Three pillars of the community have been recognised for their life-time's achievements, with Jan Roberts, Lyn Quigley, and Brian Quigley taking out the 2020 peace awards.
The Quigley couple were given the Rotary's community service award for their decades-long battle to build a housing complex for young adults with intellectual disabilities.
Almost 20 years of dedication will soon pay off, with the Kooriginal Abbeyfield House set to open on the corner of Paull Street and Stanley Street in the coming months.
It has been a long, hard-fought battle for Mrs Quigley, who first started writing letters to politicians back in the year 2000 to garner their support.
It has also been a highly personal cause for the Quigleys, who have two sons with intellectual disabilities but no community to call home.
"We weren't able to ever find them a suitable place to live; they always met with so many challenges and so many negative attitudes," Mrs Quigley said.
"We saw the need, and we wanted to make sure that our family and other families in the community were cared for."
Their first taste of victory came in 2013 when the NSW Government agreed to fund their project to the tune of $1.5 million.
Then, after winning over the support from Wagga's different Rotary clubs they managed to bump the total budget up to $2 million.
Now all that remains are last bits of paperwork and "tidying up all the loose ends", before ten new residents can move into their new home.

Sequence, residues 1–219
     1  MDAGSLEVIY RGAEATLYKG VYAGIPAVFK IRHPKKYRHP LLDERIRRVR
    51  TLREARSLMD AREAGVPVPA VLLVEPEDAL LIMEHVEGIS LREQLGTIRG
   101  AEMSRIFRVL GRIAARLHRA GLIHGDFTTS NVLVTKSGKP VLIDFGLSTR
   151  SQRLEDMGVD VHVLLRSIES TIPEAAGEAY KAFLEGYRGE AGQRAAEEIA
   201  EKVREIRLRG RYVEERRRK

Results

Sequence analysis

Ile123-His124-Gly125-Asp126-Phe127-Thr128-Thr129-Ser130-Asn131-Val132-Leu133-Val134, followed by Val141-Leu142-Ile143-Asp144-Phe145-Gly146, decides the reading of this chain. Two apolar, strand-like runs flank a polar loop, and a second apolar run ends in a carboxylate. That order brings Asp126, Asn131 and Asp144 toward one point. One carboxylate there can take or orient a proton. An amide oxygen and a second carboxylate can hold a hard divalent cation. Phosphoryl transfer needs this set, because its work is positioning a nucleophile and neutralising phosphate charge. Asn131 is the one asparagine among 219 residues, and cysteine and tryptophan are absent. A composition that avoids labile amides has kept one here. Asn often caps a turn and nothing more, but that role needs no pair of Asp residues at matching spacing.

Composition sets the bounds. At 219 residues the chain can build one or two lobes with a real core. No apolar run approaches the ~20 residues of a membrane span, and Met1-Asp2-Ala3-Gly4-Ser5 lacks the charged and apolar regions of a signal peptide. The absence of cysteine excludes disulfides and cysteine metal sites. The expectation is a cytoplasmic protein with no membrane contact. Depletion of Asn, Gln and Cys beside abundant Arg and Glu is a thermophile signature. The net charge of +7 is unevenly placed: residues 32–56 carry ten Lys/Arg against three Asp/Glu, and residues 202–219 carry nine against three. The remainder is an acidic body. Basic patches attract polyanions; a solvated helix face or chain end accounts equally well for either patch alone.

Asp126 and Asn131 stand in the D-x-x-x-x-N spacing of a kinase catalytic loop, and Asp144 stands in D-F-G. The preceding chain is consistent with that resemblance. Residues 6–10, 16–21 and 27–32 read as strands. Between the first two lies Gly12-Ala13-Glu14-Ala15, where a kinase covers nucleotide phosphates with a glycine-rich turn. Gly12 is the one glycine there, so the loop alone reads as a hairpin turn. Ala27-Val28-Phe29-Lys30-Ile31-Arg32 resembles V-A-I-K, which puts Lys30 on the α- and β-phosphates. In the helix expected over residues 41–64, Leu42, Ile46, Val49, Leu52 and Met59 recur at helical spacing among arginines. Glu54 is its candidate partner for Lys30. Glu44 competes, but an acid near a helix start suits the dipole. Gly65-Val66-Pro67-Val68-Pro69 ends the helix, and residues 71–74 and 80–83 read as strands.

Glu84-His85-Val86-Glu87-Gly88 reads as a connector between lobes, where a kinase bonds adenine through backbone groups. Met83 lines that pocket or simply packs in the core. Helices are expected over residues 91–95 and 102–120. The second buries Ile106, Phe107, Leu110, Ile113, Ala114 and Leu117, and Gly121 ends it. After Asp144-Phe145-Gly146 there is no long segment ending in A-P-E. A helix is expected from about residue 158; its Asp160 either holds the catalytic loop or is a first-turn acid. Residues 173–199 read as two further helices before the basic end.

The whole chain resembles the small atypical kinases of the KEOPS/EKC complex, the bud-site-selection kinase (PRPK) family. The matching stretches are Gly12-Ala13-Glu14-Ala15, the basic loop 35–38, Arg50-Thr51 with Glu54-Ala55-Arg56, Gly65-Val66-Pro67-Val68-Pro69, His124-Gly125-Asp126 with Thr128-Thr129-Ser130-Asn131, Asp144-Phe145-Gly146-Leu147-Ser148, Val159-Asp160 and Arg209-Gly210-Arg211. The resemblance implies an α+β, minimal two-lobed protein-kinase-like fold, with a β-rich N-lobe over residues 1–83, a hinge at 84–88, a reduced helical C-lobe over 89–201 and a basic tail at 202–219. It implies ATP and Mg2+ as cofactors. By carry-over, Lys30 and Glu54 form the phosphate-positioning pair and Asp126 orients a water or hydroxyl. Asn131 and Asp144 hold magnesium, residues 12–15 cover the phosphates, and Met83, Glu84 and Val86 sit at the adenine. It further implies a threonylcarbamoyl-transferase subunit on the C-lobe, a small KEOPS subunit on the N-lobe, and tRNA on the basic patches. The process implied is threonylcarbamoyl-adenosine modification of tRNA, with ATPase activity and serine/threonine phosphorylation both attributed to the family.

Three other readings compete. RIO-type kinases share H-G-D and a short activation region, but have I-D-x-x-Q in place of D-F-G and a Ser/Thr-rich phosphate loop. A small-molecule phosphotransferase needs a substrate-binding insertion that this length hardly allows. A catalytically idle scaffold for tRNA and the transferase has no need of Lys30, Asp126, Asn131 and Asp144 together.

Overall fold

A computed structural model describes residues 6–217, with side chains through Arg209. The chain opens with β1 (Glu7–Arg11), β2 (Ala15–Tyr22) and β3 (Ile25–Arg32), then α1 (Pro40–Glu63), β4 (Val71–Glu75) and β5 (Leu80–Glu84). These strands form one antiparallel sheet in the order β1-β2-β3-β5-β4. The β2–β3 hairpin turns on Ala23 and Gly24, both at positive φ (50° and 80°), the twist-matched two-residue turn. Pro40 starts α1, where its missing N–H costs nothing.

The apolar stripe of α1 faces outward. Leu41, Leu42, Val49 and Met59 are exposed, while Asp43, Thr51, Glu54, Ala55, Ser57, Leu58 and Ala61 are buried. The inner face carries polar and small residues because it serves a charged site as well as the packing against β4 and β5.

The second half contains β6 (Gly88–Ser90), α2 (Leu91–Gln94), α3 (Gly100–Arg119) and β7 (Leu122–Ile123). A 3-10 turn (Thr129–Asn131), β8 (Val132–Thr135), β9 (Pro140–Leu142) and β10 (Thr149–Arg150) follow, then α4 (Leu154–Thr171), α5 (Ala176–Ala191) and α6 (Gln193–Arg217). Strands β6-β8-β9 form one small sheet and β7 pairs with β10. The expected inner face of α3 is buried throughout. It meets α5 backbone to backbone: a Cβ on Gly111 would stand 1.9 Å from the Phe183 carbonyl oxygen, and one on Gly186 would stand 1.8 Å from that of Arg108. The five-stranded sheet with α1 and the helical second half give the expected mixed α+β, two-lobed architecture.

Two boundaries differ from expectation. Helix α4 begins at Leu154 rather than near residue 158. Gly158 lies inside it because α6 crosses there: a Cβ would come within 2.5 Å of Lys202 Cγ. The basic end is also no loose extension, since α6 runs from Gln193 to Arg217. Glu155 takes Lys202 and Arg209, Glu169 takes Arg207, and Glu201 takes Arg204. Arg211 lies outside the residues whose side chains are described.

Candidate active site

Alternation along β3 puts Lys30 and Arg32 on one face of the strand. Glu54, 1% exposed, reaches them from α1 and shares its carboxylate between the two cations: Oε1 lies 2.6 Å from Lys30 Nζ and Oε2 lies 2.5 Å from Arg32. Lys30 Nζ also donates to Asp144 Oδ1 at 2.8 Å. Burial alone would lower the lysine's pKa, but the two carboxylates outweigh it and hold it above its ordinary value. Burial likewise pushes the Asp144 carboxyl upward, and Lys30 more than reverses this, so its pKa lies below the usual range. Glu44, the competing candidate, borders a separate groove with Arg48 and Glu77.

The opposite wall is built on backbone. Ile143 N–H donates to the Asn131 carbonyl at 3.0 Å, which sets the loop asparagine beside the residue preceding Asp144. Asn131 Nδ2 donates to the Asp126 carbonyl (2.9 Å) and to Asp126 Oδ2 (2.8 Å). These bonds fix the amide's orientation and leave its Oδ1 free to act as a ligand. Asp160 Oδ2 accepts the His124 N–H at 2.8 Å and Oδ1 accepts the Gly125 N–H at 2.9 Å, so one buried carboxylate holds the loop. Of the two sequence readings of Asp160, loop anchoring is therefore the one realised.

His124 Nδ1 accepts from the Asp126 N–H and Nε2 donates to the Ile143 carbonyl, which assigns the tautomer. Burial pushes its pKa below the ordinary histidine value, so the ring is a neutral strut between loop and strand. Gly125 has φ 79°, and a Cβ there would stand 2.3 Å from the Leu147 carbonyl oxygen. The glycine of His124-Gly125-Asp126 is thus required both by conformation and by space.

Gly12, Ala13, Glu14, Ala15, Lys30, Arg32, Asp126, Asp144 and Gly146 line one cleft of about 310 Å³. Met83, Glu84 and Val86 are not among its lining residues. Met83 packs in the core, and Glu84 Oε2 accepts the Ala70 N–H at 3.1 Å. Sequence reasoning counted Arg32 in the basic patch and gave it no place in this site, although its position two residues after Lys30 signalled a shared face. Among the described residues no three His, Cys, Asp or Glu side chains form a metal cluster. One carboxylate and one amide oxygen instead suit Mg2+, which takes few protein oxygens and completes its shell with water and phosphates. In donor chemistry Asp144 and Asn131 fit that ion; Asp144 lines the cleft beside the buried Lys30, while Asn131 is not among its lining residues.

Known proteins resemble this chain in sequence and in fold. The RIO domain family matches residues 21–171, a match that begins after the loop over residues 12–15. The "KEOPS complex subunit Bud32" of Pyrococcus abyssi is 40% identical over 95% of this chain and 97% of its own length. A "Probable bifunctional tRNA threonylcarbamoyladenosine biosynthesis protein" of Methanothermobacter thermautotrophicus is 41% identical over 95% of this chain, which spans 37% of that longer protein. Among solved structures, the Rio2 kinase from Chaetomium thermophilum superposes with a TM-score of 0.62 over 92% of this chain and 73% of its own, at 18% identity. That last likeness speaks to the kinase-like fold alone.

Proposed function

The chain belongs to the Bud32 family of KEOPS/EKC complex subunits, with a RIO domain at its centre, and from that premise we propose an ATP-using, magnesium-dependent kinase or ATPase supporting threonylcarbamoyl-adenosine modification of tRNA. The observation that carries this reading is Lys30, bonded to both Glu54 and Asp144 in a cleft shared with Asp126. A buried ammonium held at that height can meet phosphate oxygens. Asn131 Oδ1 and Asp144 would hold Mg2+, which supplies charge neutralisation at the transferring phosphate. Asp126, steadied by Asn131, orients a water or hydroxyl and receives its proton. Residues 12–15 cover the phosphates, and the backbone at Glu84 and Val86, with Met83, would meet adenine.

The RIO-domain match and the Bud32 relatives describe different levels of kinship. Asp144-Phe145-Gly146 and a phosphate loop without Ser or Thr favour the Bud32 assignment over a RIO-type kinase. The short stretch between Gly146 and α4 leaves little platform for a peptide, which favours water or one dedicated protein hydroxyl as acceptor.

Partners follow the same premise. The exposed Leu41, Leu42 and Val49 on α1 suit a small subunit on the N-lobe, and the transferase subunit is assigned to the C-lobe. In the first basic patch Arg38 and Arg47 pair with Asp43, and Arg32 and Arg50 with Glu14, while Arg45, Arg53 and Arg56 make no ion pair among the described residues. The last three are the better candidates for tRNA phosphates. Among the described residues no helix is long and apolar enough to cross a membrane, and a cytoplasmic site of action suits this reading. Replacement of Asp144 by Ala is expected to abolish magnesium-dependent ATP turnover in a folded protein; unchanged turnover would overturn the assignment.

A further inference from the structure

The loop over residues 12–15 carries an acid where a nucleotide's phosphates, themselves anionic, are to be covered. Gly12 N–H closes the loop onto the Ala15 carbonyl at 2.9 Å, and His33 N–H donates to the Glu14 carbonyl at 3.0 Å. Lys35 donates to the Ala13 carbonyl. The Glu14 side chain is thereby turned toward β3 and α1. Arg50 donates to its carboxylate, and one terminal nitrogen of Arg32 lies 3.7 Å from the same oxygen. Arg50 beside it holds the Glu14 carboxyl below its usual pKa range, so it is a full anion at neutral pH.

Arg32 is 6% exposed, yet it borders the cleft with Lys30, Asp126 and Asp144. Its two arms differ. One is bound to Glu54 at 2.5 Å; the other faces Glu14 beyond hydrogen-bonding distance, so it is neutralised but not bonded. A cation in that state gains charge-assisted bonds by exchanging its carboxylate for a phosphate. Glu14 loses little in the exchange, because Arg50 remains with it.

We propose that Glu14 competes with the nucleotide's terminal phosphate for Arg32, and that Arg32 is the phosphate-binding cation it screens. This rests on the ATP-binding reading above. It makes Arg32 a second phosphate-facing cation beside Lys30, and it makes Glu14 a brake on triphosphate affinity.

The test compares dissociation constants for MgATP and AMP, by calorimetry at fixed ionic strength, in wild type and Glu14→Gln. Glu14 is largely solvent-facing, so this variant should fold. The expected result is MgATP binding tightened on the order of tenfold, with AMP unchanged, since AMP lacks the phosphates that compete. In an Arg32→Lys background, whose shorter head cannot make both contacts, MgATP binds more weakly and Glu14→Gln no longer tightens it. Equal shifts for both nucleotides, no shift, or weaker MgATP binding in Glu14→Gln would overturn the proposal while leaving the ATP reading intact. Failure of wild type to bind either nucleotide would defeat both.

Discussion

"We hope they have a fantastic housing choice and have lots of social interactions with their other residents and be very engaged with the Kooringal community and wider Wagga community," Mrs Quigley said.
The house will include an on-site coordinator who will make sure the residents have their needs taken care of and that they get the best quality of life possible.
Another person who was recognised for their long-standing efforts was Jan Roberts, who won the Wagga City Council Peace Award.
Ms Roberts set up the Wagga Women's Health Centre over 40 years ago and has been a stalwart activist for women's rights ever since.
"People find it hard to believe, but 40 years ago in Wagga there were virtually no services for women at all," Ms Roberts said.
"The concept of women needing refuge from violent relationships was entirely new, and there was no community housing for women or children suffering sexual abuse. These were things society didn't talk about."
Ms Roberts soon set about changing that, and with the help of a small team of volunteers they set up Wagga's first women's centre.
Wagga has come a long way since then, but Ms Roberts said her work is far from over.
"There is still a need for many people to blame the victim," she said, pointing to the media response to the gruesome murder of Hannah Clarke.
"We need to change the dialogue between men and women - we're actually talking about the imbalance of power, and the only way forward for our society is for men to welcome the involvement of women, not just put up with it."
Feminism is not the only cause Ms Roberts has championed; ever since she was a little girl she's been a card-carrying "greenie", an identity she carries on to this day at the age of 70.
"My dad was a wildlife ranger, so I grew up knowing how crucial the birds and the bees and the trees were to us," she said.
"Unfortunately we see the planet as a place to be plundered, and that's led to the situation today where people fight over water, land, everything. Instead we need to see ourselves as living on a common planet."